In Sunlight, in a Beautiful Garden by Kathleen Cambor. This is a novel about the Johnstown Flood, something I've been interested in ever since my parents watched a PBS documentary about it when I was a child. Later, I read The Johnstown Flood by David McCullough--a book I can not recommend highly enough. Cambor used McCullough's book as a basis for her novel. The Johnstown Flood is one of the worst natural disasters in US History. 2,200 people were killed, and the only disaster in the United States that has a higher confirmed death toll is the Galveston Hurricane in 1900 (8,000 people). McCullough's book describes how the flood happened--a mountain lake, created for Pittsburg's industrial rich, was held back with a faulty earth dam. This was a large lake--large enough for sailing. The dam broke and the entire lake washed out into the valley, destroying the city of Johnstown.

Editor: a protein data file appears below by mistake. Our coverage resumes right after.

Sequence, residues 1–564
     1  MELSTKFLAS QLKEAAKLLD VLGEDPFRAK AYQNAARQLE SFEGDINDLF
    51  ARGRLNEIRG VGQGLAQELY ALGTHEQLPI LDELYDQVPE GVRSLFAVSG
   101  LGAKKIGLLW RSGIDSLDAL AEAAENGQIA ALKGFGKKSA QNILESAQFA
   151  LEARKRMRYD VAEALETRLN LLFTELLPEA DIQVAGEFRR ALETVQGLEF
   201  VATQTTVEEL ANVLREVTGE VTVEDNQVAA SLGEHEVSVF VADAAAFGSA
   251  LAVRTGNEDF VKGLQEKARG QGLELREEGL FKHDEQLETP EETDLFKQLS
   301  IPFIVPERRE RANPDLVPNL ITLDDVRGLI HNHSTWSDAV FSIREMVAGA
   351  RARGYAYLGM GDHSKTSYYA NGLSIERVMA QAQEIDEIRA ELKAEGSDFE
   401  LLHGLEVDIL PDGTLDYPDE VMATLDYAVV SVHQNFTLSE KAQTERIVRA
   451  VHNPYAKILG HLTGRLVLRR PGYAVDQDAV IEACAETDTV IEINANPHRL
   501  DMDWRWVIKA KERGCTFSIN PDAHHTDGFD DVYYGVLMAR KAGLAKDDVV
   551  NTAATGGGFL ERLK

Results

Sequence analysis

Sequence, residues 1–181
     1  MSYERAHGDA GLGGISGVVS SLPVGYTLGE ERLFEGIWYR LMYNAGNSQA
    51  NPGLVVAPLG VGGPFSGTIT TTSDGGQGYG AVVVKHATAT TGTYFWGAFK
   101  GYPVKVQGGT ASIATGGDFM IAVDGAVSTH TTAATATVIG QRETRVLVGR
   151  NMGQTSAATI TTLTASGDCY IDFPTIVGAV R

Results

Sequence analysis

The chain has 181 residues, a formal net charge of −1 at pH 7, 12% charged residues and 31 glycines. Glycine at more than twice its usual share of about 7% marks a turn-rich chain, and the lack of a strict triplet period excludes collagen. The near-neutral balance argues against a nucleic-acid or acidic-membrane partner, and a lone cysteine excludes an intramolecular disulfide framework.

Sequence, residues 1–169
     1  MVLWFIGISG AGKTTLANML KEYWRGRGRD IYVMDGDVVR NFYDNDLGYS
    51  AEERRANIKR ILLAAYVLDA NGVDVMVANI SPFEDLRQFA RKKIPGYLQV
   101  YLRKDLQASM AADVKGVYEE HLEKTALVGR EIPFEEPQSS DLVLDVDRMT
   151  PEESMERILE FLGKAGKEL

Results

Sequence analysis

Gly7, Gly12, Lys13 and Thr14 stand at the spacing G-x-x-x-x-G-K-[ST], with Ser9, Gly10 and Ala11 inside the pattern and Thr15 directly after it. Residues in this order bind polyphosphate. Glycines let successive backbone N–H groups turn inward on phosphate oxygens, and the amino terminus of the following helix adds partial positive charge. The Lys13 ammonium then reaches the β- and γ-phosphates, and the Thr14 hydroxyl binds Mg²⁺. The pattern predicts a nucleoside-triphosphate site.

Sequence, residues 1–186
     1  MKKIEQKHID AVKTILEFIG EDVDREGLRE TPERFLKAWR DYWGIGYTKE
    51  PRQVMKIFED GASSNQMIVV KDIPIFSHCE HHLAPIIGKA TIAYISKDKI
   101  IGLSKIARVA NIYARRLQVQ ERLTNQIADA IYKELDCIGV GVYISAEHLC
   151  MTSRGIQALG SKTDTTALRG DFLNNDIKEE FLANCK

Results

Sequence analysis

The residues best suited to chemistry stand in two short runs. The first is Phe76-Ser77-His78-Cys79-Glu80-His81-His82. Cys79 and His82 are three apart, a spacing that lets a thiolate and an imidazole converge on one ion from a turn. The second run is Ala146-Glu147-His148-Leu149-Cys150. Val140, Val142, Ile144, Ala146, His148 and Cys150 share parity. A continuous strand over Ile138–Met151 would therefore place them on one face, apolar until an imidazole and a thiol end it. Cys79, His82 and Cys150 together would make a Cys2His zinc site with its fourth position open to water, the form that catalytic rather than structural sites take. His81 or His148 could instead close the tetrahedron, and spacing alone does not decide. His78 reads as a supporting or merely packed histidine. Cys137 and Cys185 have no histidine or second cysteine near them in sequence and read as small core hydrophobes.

Cambor's novel is about the people--both the people of Johnstown and the people of the South Fork Hunting and Fishing Club. I enjoyed it, particularly her depictions of industrial Johnstown and its iron works and the danger of working in steel. The people of Johnstown lived with danger every day. Diptheria killed their children, the steel mill killed their fathers, and far above them, the faulty dam threatened them all. Also fascinating is the Johnstown people's consciousness of the danger of the dam. They felt it as a menace. It had become a sort of boogy man: "Ooh, watch out! The dam might break!"

Friday, December 26, 2008

Boxing Day

Happy Boxing Day. We had a great Christmas, but I am relieved that it is over. It's an enormous job for one woman to create Christmas for a family. And it was Jon's turn to work Christmas, which sucked. Now he is off for three days, so it feels like the real holiday is just beginning.